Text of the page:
Bill Simpich is a civil rights attorney in the San Francisco Bay Area. He is on the board of directors of the Mary Ferrell Foundation, an organization focused on the study of documents related to the 1960s assassinations, Watergate, and Iran-Contra.
In the following essay, he offers a look at some of the gems found in the new JFK document releases and how to speed up the discovery of future finds.
More than 50 years after the assassination of President John F. Kennedy, thousands of government documents related to his death are still under classified lock and key.
By law, all of the remaining secret documents were supposed to have been released last year. President Donald Trump approved the release of approximately 35,000 files in 2017. But he delayed the publication of many other documents in full or in part until 2021 — when the winner of the 2020 presidential election will have another chance to review them for possible declassification.
Researchers have been digging through the released documents in search of a “smoking gun” file which neatly explains to skeptics what really happened that dark day in Dallas. While it’s possible such a document exists, it’s unlikely.
The difficult job of understanding why a president was murdered, and unpacking the Cold War path that America was treading, involves working through the minutiae — the “boring” material — so that the little puzzle pieces can fit together to form a coherent bigger picture.
One year ago this week, the National Archives and Records Administration released the first of what were to be seven batches of newly declassified documents. Some of those documents had actually been released in past decades, albeit with extensive redactions. Others had never been seen before.
Analysis of the newly available documents, including those released in the 1990s — most of which still remain undigitized — are already shedding light on the murky background of President Kennedy’s murder.
Among other things, the findings offer a golden opportunity to unpack more of the hidden history of the Cold War, revise our assumptions about that fraught era, and — finally — get the story right.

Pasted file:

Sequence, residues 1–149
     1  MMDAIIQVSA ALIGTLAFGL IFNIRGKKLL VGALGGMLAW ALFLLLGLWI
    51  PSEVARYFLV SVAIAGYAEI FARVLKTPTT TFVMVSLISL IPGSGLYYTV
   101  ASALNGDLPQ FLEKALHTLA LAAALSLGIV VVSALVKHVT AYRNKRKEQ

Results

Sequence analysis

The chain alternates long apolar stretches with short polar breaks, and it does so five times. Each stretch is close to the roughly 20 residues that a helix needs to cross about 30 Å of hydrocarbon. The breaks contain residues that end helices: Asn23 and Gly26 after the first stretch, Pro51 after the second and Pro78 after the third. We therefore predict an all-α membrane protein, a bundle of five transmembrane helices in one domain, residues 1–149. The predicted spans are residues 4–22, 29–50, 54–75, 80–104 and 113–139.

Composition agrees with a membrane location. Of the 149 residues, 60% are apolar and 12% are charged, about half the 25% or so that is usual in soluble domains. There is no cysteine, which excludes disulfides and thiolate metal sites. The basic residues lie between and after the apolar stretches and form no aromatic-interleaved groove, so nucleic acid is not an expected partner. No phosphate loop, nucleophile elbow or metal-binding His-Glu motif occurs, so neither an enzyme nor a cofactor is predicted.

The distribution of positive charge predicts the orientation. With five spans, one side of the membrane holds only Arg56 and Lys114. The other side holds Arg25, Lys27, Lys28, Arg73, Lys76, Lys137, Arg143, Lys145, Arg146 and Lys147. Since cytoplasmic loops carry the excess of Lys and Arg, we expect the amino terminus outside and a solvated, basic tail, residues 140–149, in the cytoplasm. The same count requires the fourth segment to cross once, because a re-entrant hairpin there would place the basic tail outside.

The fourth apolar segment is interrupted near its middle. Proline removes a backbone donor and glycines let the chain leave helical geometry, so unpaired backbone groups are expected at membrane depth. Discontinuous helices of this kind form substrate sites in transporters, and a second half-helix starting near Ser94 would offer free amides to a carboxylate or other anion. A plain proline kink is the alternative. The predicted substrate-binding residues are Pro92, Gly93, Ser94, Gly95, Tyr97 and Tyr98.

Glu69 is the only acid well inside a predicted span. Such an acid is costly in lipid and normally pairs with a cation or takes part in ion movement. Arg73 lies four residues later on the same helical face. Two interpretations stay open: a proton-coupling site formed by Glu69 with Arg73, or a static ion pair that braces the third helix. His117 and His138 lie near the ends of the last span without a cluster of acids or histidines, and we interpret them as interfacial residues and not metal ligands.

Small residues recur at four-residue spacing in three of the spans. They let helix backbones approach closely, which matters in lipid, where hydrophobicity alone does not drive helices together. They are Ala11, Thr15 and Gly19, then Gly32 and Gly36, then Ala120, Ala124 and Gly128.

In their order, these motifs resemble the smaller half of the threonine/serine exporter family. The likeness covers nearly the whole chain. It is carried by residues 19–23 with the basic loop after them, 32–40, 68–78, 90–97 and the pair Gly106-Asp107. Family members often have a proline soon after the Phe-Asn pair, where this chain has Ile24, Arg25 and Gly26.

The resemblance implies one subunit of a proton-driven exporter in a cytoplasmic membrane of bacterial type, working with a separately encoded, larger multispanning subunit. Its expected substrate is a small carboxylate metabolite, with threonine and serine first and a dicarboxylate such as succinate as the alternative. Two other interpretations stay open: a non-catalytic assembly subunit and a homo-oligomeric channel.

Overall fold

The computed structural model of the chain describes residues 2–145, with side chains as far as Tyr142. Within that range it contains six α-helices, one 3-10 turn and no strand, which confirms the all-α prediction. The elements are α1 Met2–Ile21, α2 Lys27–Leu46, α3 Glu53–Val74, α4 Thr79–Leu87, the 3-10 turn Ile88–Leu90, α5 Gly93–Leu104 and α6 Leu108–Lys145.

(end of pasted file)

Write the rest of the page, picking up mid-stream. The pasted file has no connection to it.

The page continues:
There will be no new document releases until 2021. That gives us three years to digest what we already have, and to create some stronger tools for analysis.
But the work of researchers and interested citizens is already paying off.
Intriguing Revelations From the New Documents
Take the ongoing research on cryptonyms, or crypts — government codewords for people, places, and things that the intelligence community meant to keep hidden.
As someone who has spent a lot of time solving CIA cryptonyms for the Mary Ferrell Foundation (MFF) website, one of the premier online digital archives of JFK documents, let me say a brief word on why decoding the cryptonyms is important. When you know the names of the CIA programs, officers, and agents whose names are hidden, a whole new way of seeing the world opens up to you.
Cryptonyms usually begin with a two-letter prefix that identifies the country of origin (e.g., “AM” for Cuba or “LI” for Mexico), and then the remainder of the word reveals the program (e.g., AMCANOE refers to a project to unify exiles, many of whom had traveled by water from Cuba into the US).
It becomes particularly important when you see memos like this, saying that “we cannot give wholesale approval for their release [cryptonyms], but if the crypts have been previously blown or exposed they can be released.”
Many new crypts have been revealed in the new release. Just two of the recent examples:
CONTINUE READING at WhoWhatWhy